Patent infringement suits have a reputational cost for universities

Walter D. Valdivia

Universities cash handsome awards on infringement cases

Last month, a jury found Apple Inc. guilty of infringing a patent of the University of Wisconsin-Madison (UW) and ordered the tech giant to pay $234 million. The university scored a big financial victory, but this hardly meant any gain for the good name of the university.

The plaintiffs argued successfully in court that Apple infringed their 1998 patent on a predictor circuit that greatly improved the efficiency of microchips used in the popular iPhone 5s, 6, and 6 Plus. Apple first responded by challenging the validity of the patent, but the US Patent and Trademark Office ruled in favor of the university. Apple plans to appeal, but the appellate court is not likely to reverse the lower court’s decision.

This is not the first time this university has asserted its patents rights (UW sued Intel in 2008 for this exact same patent and reportedly settled for $110 million). Nor is this the first time universities in general have taken infringers to court. Prominent cases in recent memory include Boston University, which sued several companies for infringement of a patent for blue light-emitting diodes and settled out of court with most of them, and Carnegie Mellon, who was awarded $237 million by the federal appellate court on its infringement suit against Marvell, a semiconductor company, for its use of an enhanced detector of data in hard drives called Kavcic detectors.

Means not always aligned with aims in patent law

When university inventions emerge from federal research grants, universities can also sue the infringers, but in those cases they would be testing the accepted interpretations of current patent law.

The Bayh-Dole Act of 1980 extended patent law and gave small-business and universities the right to take title to patents from federal grants—later it was amended to extend the right to all federal grantees regardless of size. The ostensible aim of this act is to “to promote the utilization of inventions arising from federally supported research or development.” Under the law, a condition for universities to keep their exclusive rights on those patents is that they or their licensees take “effective steps to achieve practical application” of those patents. Bayh-Dole was not designed to create a new source of revenue for universities. If companies are effectively using university technologies, Bayh-Dole’s purpose is served without need of the patents.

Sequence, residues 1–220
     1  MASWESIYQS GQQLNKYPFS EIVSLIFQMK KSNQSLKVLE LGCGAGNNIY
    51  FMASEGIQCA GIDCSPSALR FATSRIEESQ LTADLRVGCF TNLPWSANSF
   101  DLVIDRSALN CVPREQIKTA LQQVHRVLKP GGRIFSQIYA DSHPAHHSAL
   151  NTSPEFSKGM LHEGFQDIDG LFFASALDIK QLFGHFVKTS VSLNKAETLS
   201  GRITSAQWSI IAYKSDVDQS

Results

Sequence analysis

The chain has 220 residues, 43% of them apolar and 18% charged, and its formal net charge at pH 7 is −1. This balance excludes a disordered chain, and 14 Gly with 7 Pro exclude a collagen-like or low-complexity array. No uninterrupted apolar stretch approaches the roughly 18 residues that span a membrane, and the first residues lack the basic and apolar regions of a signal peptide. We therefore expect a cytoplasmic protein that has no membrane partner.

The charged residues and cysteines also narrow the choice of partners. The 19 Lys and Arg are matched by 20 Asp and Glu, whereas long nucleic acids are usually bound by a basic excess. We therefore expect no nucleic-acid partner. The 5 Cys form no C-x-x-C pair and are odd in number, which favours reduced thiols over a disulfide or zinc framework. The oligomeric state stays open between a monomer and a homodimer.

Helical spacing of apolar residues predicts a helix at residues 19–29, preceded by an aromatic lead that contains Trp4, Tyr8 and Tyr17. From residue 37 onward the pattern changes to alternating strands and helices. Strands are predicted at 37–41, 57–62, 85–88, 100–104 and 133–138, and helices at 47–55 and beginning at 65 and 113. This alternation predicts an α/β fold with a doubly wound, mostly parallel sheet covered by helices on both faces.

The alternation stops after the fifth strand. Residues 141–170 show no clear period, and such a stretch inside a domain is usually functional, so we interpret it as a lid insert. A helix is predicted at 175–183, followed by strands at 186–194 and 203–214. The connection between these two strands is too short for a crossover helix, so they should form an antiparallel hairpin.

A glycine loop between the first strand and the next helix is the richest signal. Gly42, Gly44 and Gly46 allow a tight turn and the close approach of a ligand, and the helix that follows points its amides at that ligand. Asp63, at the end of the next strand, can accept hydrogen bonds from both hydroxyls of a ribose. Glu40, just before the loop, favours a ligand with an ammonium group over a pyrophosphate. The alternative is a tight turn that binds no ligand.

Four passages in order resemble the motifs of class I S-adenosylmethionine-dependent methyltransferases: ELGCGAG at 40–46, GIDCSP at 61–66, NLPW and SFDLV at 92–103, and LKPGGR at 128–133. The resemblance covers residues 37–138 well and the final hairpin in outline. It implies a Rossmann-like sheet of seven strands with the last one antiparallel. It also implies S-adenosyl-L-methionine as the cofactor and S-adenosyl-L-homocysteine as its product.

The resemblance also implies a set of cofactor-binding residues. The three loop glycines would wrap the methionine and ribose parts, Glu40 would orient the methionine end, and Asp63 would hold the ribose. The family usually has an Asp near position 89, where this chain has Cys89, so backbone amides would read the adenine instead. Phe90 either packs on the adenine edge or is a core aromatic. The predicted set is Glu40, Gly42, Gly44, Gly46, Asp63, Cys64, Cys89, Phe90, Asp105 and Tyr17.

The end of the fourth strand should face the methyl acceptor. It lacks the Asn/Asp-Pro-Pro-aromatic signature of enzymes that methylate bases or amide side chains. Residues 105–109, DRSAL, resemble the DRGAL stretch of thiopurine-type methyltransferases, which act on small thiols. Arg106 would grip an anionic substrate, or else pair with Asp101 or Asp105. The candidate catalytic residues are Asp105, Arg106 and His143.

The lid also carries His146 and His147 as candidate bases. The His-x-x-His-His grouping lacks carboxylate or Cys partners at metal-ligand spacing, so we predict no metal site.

To understand this point, consider a counterfactual: What if the text of Bayh-Dole had been originally composed to grant a conditional right to patents for federal research grantees? The condition could be stated like this: “This policy seeks to promote the commercialization of federally funded research and to this end it will use the patent system. Grantees may take title to patents if and only if other mechanisms for disseminating and developing those inventions into useful applications prove unsuccessful.” Under this imagined text, the universities could still take title to patents on their inventions if they or the U.S. Patent and Trademark Office were not aware that the technologies were being used in manufactures.

But no court would find their infringement claim meritorious if the accused companies could demonstrate that, absent of willful infringement, they had in fact used the technologies covered by university patents in their commercial products. In this case, other mechanisms for disseminating and developing the technologies would have proven successful indeed. The reality that Bayh-Dole did not mandate such a contingent assignation of rights creates a contradiction between its aims and the means chosen to advance those aims for the subset of patents that were already in use by industry.

I should clarify that the predictor circuit, the blue-light diode, and the Kavcic detectors are not in that subset of patents. But even in they were, there is no indication that the University of Wisconsin-Madison would have exercised its patent rights with any less vigor just because the original research was funded by public funds. Today, it is fully expected from universities to aggressively assert their patent rights regardless of the source of funding for the original research.

You can have an answer for every question and still lose the debate

It is this litigious attitude that puts off many observers. While the law may very well allow universities to be litigious, universities could still refuse to exercise their rights under circumstances in which those rights are not easily reconciled with the public mission of the university.